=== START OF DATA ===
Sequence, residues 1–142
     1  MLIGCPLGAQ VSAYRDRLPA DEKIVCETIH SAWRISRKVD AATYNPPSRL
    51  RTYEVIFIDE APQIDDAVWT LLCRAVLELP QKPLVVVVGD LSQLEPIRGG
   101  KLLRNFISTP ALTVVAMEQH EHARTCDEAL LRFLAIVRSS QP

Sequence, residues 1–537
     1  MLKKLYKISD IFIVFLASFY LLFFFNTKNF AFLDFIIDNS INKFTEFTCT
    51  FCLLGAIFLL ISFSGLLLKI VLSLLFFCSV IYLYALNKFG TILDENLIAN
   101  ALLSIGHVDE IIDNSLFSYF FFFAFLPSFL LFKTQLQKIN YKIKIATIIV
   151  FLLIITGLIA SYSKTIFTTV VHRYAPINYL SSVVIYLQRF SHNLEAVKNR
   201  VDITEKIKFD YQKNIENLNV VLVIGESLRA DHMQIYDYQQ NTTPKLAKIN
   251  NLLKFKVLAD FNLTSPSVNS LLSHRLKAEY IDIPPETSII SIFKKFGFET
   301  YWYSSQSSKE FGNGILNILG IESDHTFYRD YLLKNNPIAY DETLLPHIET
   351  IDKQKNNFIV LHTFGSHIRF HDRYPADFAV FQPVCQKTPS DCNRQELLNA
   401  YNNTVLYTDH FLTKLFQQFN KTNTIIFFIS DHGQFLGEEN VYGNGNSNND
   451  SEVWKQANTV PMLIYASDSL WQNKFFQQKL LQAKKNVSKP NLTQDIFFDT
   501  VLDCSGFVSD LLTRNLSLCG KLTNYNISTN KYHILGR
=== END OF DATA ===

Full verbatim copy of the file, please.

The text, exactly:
Sequence, residues 1–142
     1  MLIGCPLGAQ VSAYRDRLPA DEKIVCETIH SAWRISRKVD AATYNPPSRL
    51  RTYEVIFIDE APQIDDAVWT LLCRAVLELP QKPLVVVVGD LSQLEPIRGG
   101  KLLRNFISTP ALTVVAMEQH EHARTCDEAL LRFLAIVRSS QP

Sequence, residues 1–537
     1  MLKKLYKISD IFIVFLASFY LLFFFNTKNF AFLDFIIDNS INKFTEFTCT
    51  FCLLGAIFLL ISFSGLLLKI VLSLLFFCSV IYLYALNKFG TILDENLIAN
   101  ALLSIGHVDE IIDNSLFSYF FFFAFLPSFL LFKTQLQKIN YKIKIATIIV
   151  FLLIITGLIA SYSKTIFTTV VHRYAPINYL SSVVIYLQRF SHNLEAVKNR
   201  VDITEKIKFD YQKNIENLNV VLVIGESLRA DHMQIYDYQQ NTTPKLAKIN
   251  NLLKFKVLAD FNLTSPSVNS LLSHRLKAEY IDIPPETSII SIFKKFGFET
   301  YWYSSQSSKE FGNGILNILG IESDHTFYRD YLLKNNPIAY DETLLPHIET
   351  IDKQKNNFIV LHTFGSHIRF HDRYPADFAV FQPVCQKTPS DCNRQELLNA
   401  YNNTVLYTDH FLTKLFQQFN KTNTIIFFIS DHGQFLGEEN VYGNGNSNND
   451  SEVWKQANTV PMLIYASDSL WQNKFFQQKL LQAKKNVSKP NLTQDIFFDT
   501  VLDCSGFVSD LLTRNLSLCG KLTNYNISTN KYHILGR